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Making the Future of Work inclusive of persons with disability

27 November 2019

Making the Future of Work inclusive of persons with disability

As a member of Face Equality International we are sharing James Partridge's presentation at a recent conference in Geneva raising disability issues in the workplace for those that are affected with facial differences. 

Facial disfigurement: a neglected global human rights issue

Exploring the origins of the campaign for ‘face equality’ (like race equality) and its implications for businesses, schools, governments, the media and public opinion.

There are many reasons why people have facial differences or disfigurements — from congenital causes (e.g.: cleft lip and palates, neurofibromatosis, birthmarks), trauma (e.g.: burns, acid violence, scarring from accidents), facial and skin cancer, skin conditions (e.g.: psoriasis, vitiligo, acne), eye problems and facial paralysis (e.g.: Bell’s palsy and stroke). Disfigurement can affect people at any age, from any ethnic or socio-economic group. It is estimated that 1 in 111 people have a psychological and social significant facial disfigurement. People with disfigurements wherever they live in the world face many challenges and injustices to living confident, successful lives in the 21st century. Many report (and academic studies bear this out) feeling isolated and friendless, facing teasing, ridicule and staring in public, low expectations in school, problems getting work, discrimination in the workplace, abuse on social media and stereotyping in the media just because of the way they look. In many countries, disfigurement goes hand in hand with poverty, prejudice and exclusion.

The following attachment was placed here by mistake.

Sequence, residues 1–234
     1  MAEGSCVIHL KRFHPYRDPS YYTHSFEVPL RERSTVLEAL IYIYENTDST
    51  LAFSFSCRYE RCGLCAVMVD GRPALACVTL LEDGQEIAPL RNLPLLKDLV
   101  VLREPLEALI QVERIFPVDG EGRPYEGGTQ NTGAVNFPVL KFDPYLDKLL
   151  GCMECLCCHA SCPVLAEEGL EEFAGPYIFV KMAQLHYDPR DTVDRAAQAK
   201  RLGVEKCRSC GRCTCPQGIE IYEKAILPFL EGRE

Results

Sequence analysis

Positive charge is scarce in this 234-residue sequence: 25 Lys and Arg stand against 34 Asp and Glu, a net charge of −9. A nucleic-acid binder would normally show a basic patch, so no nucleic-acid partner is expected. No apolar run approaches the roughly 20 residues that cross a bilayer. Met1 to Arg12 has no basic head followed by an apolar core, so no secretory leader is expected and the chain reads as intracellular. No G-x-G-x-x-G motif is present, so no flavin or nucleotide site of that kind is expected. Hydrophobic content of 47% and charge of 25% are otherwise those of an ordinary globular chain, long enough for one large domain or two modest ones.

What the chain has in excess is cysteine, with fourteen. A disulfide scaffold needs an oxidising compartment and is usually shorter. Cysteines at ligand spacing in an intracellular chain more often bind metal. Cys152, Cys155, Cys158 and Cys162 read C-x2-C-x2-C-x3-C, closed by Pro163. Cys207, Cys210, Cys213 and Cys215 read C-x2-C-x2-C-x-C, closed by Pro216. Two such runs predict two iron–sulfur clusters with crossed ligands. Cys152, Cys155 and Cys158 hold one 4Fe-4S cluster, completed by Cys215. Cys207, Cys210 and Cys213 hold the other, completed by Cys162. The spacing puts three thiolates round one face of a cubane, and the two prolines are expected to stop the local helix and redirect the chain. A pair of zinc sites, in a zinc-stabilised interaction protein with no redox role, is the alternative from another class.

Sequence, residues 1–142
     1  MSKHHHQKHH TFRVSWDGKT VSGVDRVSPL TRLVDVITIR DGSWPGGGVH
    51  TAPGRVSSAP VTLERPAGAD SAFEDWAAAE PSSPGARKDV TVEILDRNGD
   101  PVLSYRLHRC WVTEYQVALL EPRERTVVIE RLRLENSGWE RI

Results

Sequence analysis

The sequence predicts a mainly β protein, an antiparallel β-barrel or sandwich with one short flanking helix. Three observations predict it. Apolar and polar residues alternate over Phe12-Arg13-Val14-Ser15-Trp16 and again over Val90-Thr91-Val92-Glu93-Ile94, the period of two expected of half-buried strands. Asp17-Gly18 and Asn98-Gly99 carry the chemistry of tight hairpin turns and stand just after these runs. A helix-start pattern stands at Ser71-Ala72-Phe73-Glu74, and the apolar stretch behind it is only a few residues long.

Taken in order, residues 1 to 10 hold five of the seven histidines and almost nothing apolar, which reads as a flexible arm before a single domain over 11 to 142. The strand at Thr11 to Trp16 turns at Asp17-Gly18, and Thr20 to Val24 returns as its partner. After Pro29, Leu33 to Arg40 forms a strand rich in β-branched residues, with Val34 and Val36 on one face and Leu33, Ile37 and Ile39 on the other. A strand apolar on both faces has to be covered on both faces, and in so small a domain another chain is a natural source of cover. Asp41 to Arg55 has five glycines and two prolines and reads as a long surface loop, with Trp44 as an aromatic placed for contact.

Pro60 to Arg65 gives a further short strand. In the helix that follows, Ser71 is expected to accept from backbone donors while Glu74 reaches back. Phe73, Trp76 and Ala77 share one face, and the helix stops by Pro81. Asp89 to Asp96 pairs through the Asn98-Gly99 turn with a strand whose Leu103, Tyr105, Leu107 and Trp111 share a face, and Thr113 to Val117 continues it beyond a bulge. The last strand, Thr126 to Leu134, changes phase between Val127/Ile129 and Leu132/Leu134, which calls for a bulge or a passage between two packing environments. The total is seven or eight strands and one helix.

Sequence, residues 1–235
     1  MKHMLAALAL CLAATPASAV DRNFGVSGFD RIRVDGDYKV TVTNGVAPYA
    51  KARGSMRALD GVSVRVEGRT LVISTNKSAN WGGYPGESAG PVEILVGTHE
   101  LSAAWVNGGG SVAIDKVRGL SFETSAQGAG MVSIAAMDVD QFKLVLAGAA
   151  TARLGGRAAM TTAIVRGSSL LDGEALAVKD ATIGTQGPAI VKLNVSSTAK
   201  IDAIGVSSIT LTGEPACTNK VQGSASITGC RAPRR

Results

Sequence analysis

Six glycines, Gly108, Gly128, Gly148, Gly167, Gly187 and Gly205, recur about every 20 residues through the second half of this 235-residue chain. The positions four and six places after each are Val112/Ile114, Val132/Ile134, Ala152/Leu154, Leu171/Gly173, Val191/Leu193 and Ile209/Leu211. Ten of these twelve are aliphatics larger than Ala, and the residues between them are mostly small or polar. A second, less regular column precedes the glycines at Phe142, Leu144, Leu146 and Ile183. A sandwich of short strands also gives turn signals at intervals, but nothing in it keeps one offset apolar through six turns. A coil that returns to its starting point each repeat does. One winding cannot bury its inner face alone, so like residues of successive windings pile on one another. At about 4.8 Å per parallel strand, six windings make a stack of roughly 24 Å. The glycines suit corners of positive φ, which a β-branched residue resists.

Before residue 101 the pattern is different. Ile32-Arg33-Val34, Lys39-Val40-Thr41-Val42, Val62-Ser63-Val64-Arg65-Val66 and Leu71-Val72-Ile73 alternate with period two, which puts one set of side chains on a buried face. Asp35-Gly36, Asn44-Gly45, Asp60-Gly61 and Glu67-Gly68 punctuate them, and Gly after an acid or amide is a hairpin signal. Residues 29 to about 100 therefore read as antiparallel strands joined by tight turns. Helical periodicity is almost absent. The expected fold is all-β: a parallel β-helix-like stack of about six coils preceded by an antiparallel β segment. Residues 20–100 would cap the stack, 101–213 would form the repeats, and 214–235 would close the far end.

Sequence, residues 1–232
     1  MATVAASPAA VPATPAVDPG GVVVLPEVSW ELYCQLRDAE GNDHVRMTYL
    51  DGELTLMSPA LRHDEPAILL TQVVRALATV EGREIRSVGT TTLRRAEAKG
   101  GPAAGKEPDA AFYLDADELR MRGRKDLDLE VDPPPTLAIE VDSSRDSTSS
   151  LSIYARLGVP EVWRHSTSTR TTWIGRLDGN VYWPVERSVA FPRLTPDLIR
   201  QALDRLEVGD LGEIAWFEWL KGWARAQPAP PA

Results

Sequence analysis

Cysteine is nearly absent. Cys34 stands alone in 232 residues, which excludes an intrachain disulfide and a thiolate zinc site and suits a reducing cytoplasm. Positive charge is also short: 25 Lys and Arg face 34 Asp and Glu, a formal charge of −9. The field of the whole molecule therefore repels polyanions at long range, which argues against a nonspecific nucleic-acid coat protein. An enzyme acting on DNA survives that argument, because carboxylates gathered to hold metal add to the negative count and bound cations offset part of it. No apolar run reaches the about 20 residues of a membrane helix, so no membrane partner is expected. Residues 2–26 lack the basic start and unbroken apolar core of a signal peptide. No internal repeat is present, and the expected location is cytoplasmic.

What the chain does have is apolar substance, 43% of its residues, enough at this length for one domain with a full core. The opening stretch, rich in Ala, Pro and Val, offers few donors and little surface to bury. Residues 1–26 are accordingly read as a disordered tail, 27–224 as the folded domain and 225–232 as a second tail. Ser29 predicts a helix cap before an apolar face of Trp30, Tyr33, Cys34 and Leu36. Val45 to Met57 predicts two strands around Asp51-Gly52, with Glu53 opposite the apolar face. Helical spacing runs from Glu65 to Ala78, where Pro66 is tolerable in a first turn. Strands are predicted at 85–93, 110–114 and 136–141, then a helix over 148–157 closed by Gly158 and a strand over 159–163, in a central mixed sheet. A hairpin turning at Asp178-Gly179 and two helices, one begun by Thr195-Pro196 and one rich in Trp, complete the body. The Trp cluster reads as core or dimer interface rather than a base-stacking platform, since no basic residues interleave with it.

The stigma of disfigurement is rooted in three totally false but deeply conditioned and unconscious beliefs which impinge on a person’s self-worth which suggest that: facial ‘good looks’ are vital for success in life; without them, failure is sadly inevitable modern medicine/surgery can remove disfigurements completely disfigurement is associated with meanness, lack of intelligence, immorality and evil. All too often, the stigma is self-imposed too with low expectations of success and a lack of aspiration leading to a resignation that this is how things will always be, and consequently unfairness and discrimination go unchallenged. And worse, people report that authorities who should stand up to prejudice (e.g.: schools) fail to do so even when alerted to it. The campaign for ‘face equality’ was launched in May 2008 by the UK charity/NGO, Changing Faces and is being internationalised through Face Equality International. Its aim is to create a world in which people who have disfigurements to their face from any cause are accepted and valued as equal citizens, free of prejudice, low expectations and stigma.

The campaign calls on  individuals to spread the word, to stand out and to support face equality education systems to train all teaching staff to develop inclusive school cultures
employers to recruit and serve people with disfigurements without prejudice the media, advertisers and the film industry to positively promote facial diversity and actively avoid language and imagery that create prejudice politicians and policymakers to ensure that facial prejudice and discrimination are effectively outlawed by improving legal protection and promoting best practice.

For further information on the conference itself please have a look at the following campaign and their website 

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